maio 24, 2024

It’s a great-looking concept, but is it capable of being more than just a concept?

Unveiled at Mobile World Congress in Barcelona, the OnePlus 11 Concept’s highlight feature is its ‘subsurface pipeline’ of liquid cooling, dubbed the Active CryoFlux cooling system (apparently it isn’t a dig at the Nothing phone (1)’s glyph interface). Designed to boost gaming performance by cooling the phone down by as much as 2°C, the Active CryoFlux cooling system also has the added advantage of literally looking cool too, with tiny bubbles traversing up and down the piping structure on the back panel and around the camera bump… but that’s pretty much all there is to it. Unveiled as a conceptual device, the smartphone’s cooling system seems to be nothing but an experimental technology that probably won’t make its way into phones because gaming phones are a niche that OnePlus has never catered to. So what exactly does the OnePlus 11 Concept hope to achieve? Well, Marques Brownlee rather bluntly says that it’s “just a PR stunt at the end of the day”.

Designer: OnePlus

After roughly a week of speculating what those blue lines on the phone’s rear were (notification lights, fingerprint sensors, etc.), turns out they’re OnePlus’ latest innovation in compact liquid cooling. The phone comes with an “industrial-grade piezoelectric ceramic micropump” and a network of pipes curving around the rear panel, which circulate a blue liquid around the phone’s battery and camera bump, cooling the device down by up to 2°C. It’s enough to result in a performance uplift of between 3 and 4 frames per second, or even help cool the phone while it’s charging, OnePlus says. Visually, it does add a unique dynamism to the phone’s rear. The blue pipes have pulsating, moving lights inside them, making it look like the liquid’s circulating around the chassis of the phone. Remarkably enough, the liquid cooling setup doesn’t even add any weight or thickness to the handset, making for a pretty compelling concept.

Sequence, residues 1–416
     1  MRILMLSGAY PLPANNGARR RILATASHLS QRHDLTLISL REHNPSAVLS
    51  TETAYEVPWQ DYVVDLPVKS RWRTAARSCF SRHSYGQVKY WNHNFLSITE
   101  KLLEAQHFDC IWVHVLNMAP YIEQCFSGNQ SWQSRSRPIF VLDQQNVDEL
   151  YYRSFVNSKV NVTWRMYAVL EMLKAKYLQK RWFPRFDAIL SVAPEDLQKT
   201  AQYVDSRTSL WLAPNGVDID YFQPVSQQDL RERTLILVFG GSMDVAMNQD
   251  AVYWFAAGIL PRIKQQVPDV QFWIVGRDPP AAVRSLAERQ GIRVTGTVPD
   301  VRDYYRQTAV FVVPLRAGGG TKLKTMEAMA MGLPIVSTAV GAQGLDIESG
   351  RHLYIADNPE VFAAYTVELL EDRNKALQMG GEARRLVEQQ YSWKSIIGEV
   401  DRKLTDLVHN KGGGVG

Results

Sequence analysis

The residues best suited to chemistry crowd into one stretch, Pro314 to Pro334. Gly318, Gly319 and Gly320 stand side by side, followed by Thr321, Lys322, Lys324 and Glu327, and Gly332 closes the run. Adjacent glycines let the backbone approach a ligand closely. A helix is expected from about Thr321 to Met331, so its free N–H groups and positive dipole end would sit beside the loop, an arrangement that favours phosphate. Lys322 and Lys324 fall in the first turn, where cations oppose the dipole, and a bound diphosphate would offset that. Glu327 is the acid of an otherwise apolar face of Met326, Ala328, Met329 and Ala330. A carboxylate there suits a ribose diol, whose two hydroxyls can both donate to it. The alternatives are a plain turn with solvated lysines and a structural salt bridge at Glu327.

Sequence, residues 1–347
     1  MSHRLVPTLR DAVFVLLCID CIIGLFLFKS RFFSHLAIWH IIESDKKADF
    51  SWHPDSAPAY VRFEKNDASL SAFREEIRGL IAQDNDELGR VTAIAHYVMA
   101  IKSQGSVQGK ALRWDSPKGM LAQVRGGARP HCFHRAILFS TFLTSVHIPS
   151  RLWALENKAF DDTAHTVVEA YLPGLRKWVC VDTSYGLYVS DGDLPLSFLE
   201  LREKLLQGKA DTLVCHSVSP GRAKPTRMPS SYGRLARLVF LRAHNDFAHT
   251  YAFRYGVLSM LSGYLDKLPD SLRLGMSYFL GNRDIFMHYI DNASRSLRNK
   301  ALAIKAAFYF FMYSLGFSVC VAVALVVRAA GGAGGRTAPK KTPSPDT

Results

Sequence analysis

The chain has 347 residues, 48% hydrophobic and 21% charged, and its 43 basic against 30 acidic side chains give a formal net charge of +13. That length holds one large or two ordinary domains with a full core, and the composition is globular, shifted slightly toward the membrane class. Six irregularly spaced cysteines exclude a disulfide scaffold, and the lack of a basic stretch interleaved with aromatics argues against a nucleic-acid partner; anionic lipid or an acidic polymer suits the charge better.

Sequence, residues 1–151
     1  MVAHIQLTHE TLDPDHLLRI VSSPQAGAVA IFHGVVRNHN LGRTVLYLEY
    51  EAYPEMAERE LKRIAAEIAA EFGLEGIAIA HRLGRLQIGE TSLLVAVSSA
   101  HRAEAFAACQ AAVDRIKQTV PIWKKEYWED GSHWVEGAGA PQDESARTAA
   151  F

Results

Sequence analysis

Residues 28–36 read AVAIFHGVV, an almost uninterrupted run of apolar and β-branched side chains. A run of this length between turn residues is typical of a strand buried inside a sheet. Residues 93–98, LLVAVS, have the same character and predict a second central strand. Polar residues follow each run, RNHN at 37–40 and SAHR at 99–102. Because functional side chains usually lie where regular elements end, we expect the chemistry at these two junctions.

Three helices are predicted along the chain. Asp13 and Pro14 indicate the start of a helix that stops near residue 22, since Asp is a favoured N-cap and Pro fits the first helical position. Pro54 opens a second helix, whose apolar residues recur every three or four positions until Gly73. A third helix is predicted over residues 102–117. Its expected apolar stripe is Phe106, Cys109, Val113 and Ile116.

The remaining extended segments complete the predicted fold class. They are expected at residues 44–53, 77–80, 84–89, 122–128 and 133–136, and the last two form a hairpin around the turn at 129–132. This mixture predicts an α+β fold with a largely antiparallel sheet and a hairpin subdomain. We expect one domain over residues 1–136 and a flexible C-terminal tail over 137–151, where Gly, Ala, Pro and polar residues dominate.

Although the amount of actual cooling the Active CryoFlux tech will do is pretty much debatable at this point (we can’t verify it either because it’s a concept), the focus of the phone really seems to be the ‘light show’ at the back. Somewhat feeling like a dig at Carl Pei, the 11 Concept’s rear light show also claims at being ‘functional’, like the Nothing phone (1)’s glyph interface. However, realistically, it really doesn’t merit proper discussion because the cooling feature isn’t really a feature if no consumer is ever going to benefit from it… and that really seems to be the ongoing trend with this current barrage of concept phones, whether it’s Xiaomi’s bonkers 12S Concept with attachable Leica lenses, or Lenovo/Motorola’s rollable phone from a few days back, or even OnePlus’ own concepts, including the partnership with McLaren in 2020.

The OnePlus 11 Concept is the third such concept from the Oppo subsidiary, following the Concept One with McLaren which featured electrochromic glass over the camera that turned opaque to block the lenses, and the 8T Concept, which had an entire back panel made from electrochromic glass, which could change color on demand, altering your phone’s aesthetic in seconds. As impressive as the technology seemed back then, it never was viable, given how expensive electrochromic panels were (Apple spent $427 million on electrochromic glass panels alone for their Cupertino HQ building windows). The Active CryoFlux cooling system on the 11 Concept is impressive too, but it feels like an R&D flex more than anything, with very little chance of application in real life. I’m willing to, however, give OnePlus the benefit of doubt that this technology will eventually be viable at scale and phones in the future will have oozing liquid-cooling pipes inside them. Until then, call me a skeptic… and call this a winning strategy because OnePlus got exactly what they wanted – coverage.

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